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Myanmar (Burma) rough travel guide
From Yangon to the temple of the Bagan Archaeological Zone, this detailed report on Myanmar's area' visitor attraction, sites and restaurant will take you to the most worthwhile places - and breathtaking colour photographs will bring the country to live on the pages. Rough Guides' teams of writers present the best places to stop and discover and give trusted inside advice on subjects such as motoring, hiking or sightseeing.
Here you will find specific reports on historical, artistic, architectural and literary topics as well as in-depth information on the best stores and shops in this intriguing state. Rough Guide to Myanmar also offers the best dining, night life and accommodation, from backpackers' lodges to beach mansions and fashion boutiques, and color-coded charts show all the sights and lists.
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The Kyaikkami Pagoda: An excursion by the sea of a special kind
Charlotte, a travelling advisor, recently came back from another journey to Burma, where she investigated a few more extraordinary events for our clients. Here she writes about her stay at the Kyakkami Yele Pagoda - a rather uncommon seaside resort! The Kyaikkami Yele Pagoda (also called Kyaik-kami Ye Le Paya) is an extraordinary target as it was built at the seas!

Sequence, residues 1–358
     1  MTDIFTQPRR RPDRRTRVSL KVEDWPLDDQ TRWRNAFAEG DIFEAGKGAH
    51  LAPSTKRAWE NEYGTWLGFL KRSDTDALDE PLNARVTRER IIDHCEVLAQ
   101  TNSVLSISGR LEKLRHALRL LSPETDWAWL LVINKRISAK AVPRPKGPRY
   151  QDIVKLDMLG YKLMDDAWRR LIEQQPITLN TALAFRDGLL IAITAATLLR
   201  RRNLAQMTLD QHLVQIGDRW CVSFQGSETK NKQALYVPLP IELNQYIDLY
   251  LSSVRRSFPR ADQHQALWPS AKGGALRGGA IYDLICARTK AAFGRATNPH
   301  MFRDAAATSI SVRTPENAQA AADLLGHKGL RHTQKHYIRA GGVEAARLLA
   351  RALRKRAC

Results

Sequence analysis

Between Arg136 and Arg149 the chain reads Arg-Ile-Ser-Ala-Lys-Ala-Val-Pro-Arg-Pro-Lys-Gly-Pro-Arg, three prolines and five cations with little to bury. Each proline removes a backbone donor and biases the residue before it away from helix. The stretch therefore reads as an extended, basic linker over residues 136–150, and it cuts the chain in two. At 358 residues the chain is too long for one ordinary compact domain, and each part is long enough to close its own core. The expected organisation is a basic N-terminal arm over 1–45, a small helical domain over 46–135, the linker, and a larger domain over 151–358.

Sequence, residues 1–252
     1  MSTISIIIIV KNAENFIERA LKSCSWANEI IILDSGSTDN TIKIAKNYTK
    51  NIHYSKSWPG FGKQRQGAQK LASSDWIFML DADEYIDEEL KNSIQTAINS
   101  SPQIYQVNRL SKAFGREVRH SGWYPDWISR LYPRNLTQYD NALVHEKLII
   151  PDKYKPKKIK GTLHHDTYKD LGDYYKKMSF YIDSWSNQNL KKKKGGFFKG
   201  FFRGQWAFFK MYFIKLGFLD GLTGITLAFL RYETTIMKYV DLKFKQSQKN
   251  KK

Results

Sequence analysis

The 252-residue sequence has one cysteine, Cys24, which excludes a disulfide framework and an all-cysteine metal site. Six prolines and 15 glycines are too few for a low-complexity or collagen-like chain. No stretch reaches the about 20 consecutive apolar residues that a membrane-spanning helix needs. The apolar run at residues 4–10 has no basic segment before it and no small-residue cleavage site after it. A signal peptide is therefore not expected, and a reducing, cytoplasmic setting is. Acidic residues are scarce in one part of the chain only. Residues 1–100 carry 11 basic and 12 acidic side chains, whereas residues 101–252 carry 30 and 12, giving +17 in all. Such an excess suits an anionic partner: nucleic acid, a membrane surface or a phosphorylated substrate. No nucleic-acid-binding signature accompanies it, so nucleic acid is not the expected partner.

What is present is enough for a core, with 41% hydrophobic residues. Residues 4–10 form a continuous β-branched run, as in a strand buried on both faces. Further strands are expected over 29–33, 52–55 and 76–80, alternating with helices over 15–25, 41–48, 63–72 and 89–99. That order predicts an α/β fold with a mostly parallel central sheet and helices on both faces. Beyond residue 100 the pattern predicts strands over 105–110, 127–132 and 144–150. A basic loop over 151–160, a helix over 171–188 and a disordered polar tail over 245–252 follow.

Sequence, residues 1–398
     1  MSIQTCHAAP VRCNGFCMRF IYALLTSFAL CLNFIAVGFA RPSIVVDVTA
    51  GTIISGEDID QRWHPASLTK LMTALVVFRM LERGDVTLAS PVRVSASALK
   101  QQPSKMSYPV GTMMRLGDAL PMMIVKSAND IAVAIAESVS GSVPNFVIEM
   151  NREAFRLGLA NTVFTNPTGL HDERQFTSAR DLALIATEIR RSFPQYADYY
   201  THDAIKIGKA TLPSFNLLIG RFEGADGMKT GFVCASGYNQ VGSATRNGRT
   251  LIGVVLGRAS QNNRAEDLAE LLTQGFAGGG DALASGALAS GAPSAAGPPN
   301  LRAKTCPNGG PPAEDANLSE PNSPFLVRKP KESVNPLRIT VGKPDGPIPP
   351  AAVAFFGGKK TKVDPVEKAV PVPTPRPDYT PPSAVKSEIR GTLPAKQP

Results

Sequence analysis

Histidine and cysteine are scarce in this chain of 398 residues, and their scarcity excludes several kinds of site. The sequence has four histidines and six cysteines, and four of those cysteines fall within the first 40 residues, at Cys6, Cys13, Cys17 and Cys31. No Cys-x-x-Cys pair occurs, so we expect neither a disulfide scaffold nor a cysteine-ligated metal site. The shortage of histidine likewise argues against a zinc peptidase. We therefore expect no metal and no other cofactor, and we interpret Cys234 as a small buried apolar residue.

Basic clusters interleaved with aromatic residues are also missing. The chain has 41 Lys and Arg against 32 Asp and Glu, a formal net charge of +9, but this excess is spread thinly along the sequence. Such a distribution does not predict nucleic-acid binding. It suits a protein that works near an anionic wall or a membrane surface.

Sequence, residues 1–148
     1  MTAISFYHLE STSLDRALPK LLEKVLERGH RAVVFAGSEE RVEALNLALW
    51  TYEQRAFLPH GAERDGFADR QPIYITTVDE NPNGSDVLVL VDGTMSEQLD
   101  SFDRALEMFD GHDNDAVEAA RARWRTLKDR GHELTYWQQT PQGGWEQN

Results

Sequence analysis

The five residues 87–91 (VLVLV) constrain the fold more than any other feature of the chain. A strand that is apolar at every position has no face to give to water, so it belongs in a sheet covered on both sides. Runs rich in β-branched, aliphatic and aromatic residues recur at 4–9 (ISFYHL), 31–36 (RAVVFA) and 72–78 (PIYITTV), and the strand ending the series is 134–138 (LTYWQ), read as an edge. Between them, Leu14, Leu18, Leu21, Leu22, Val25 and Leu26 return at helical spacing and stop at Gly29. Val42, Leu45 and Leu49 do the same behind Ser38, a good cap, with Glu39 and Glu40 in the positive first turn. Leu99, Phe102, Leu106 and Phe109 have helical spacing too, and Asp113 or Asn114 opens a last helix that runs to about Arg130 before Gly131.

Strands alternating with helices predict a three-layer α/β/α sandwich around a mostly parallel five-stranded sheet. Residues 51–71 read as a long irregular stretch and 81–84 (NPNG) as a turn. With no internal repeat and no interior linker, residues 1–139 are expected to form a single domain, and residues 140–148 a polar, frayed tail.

Linked to the country by a long passage, the marina itself sits on a bed of cliffs, with overlapping shafts and even submerged passages at higher sands. Kyaikkami is located in Burma's southeast, two hours by car from the city of Mawalmyine, half an hours away from Thanbyuzayat, home of the recently opened Death Railway Museum.
These two places can be used in combination for an interesting excursion during a visit to Mawlamyine. While the interior of the podium is not unusual (like many other podiums in the country), the place itself is a place of worship, where the innovation of its off-country setting is as thrilling for natives as it is for visitors.
It consists of a Buddha reliquary, a small convent and a lookout point overlooking the ocean - a hot spot for young couple who want to observe the sundown. This is a legendary choice to make the cloakroom. Buddha is believed to have come to the area many thousand years ago and was sitting on the rock where he gave 11 of his hair to the king's 20 hair offspring to preserve them as relicts.
Ten of the children immediately erected a couch to worship these relicts. There' s another interesting tale connected with the cloakroom. Far back in the annals of the earth, a kings decision to hover four Buddha sculptures with relicts from the Sri Lanka area.
Believing that they would go to places where other relicts had already been found, he arrives in Kyaikkami as foreseen. Supposedly this sculpture is in a cabinet under the podium - but since it is not accessible to the public, it is still a tale of legends and rumours.
Despite the authentical nature of the legend of the origins of the pagoda, its importance for Buddhists is evident. Add another convent and podium to a journey to a country where abbeys and podiums make up 90% of the attraction may seem like a bizarre notion, but the uncommon backdrop of this swimming ship provides some different perspectives and great onlookers!
Please ask us how you can come and see us - Mawalmyine is part of our Kipling's Burma travel plan and a full days out to Kyaikkami can simply be made.